Anyone interested in art therapy as a career should consider supplementing their formal training with volunteer work. The nature of using artwork as a tool for therapy (or self-exploration) frequently requires working outside the office. Art therapists commonly conduct workshops or seminars in a studio setting that requires assistance to manage. Volunteers are usually asked to help create and operate art groups for clients of all ages. They are expected to demonstrate art tools and processes, and must be capable of communicating in a relaxed and compassionate manner. As with any field of endeavor, volunteer work is a practical way to gain knowledge and experience.
A rational use for art
Art affects every cell in the body to create a healing physiology that changes the immune system and blood flow to all the organs. Art also changes a person’s attitude, emotional state, and pain perception. It transforms one’s outlook and way of viewing the world. An enhanced understanding of this process allows art to be used more fully in the treatment of physical and emotional distress and trauma.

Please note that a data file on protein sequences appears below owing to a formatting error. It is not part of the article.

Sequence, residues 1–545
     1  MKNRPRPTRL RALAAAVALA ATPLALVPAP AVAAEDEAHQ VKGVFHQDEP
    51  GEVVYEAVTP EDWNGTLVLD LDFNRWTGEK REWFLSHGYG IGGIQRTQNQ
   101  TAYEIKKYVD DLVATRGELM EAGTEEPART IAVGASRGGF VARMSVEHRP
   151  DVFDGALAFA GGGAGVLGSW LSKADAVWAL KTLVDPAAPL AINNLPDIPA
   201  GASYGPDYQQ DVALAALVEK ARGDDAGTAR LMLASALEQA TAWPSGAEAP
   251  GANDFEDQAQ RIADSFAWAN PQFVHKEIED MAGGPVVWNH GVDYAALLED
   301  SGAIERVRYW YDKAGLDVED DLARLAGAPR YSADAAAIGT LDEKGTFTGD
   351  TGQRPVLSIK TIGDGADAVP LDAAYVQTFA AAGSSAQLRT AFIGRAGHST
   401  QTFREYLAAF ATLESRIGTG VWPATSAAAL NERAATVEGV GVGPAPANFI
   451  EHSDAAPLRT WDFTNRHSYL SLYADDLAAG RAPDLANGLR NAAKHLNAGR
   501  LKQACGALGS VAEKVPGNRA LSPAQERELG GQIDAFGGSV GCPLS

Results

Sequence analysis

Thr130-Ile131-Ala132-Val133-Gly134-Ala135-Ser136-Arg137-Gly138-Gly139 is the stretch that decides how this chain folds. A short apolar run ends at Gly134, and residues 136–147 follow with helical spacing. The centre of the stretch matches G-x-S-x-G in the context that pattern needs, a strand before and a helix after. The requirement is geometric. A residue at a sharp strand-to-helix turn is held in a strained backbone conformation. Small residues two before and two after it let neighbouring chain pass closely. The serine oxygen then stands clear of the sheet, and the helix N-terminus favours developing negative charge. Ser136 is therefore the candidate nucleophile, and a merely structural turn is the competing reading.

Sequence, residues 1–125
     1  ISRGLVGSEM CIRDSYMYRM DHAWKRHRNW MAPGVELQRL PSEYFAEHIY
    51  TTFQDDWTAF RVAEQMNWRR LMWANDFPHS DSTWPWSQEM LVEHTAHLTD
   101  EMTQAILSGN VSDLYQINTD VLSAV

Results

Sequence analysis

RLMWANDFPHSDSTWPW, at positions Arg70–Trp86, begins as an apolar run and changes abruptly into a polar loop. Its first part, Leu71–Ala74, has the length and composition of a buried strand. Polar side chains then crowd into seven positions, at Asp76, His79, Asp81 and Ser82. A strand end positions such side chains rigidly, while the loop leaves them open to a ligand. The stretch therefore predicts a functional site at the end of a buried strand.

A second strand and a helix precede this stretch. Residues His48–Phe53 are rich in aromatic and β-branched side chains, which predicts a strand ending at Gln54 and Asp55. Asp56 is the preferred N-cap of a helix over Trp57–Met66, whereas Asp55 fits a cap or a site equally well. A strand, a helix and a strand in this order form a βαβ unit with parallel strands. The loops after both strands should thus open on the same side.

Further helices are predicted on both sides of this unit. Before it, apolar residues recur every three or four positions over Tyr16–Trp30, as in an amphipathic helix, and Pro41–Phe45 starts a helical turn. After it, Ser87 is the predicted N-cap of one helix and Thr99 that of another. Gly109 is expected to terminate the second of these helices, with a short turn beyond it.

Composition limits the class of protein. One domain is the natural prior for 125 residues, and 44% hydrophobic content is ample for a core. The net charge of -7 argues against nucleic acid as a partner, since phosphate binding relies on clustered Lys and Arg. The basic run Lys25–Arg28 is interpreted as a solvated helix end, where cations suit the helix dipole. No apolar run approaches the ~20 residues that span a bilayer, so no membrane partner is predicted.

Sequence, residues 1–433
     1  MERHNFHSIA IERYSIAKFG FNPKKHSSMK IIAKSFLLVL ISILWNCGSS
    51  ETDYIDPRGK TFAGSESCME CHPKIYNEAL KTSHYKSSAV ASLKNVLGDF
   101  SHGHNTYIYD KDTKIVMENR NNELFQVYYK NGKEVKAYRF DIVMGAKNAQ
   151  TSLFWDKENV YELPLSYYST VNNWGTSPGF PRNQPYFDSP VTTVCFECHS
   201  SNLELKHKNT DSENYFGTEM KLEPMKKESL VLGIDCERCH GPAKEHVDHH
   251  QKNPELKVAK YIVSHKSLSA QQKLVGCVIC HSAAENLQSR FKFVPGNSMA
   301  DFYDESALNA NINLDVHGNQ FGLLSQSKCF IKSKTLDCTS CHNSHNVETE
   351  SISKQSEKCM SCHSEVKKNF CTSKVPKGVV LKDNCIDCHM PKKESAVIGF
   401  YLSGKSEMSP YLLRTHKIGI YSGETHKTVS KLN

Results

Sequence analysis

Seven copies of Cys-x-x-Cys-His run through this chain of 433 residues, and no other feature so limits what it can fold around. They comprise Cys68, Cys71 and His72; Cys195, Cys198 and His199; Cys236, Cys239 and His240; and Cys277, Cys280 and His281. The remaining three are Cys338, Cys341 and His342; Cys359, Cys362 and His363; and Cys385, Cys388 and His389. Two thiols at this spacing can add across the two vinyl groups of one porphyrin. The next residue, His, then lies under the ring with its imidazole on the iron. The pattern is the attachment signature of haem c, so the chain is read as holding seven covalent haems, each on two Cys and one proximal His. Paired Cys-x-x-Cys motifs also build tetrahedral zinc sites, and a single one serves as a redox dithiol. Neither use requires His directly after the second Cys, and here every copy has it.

Art therapy has been used with bone marrow transplant patients, people with eating disorders, emotionally impaired young people, disabled people, the chronically ill, chemically addicted individuals, sexually abused adolescents, caregivers of cancer patients, and others. It has also been used to engage and distract patients whose illnesses or treatments cause pain. In spite of its variety of uses amongst a broad spectrum of patients, art therapy has only recently begun to receive acceptance from the psychological community. The validation of art as a means for understanding human nature is logical; art has offered a mirror to the human situation for centuries. We have always used art to describe ourselves and our world. The depiction of beauty, mundane life, historical events and spiritual beliefs all provide insights into our perception of reality. It makes sense to use the images we create to understand ourselves better. It will only be natural to integrate the creative process into more and more aspects of our lives and careers in the future. It will be good for everyone.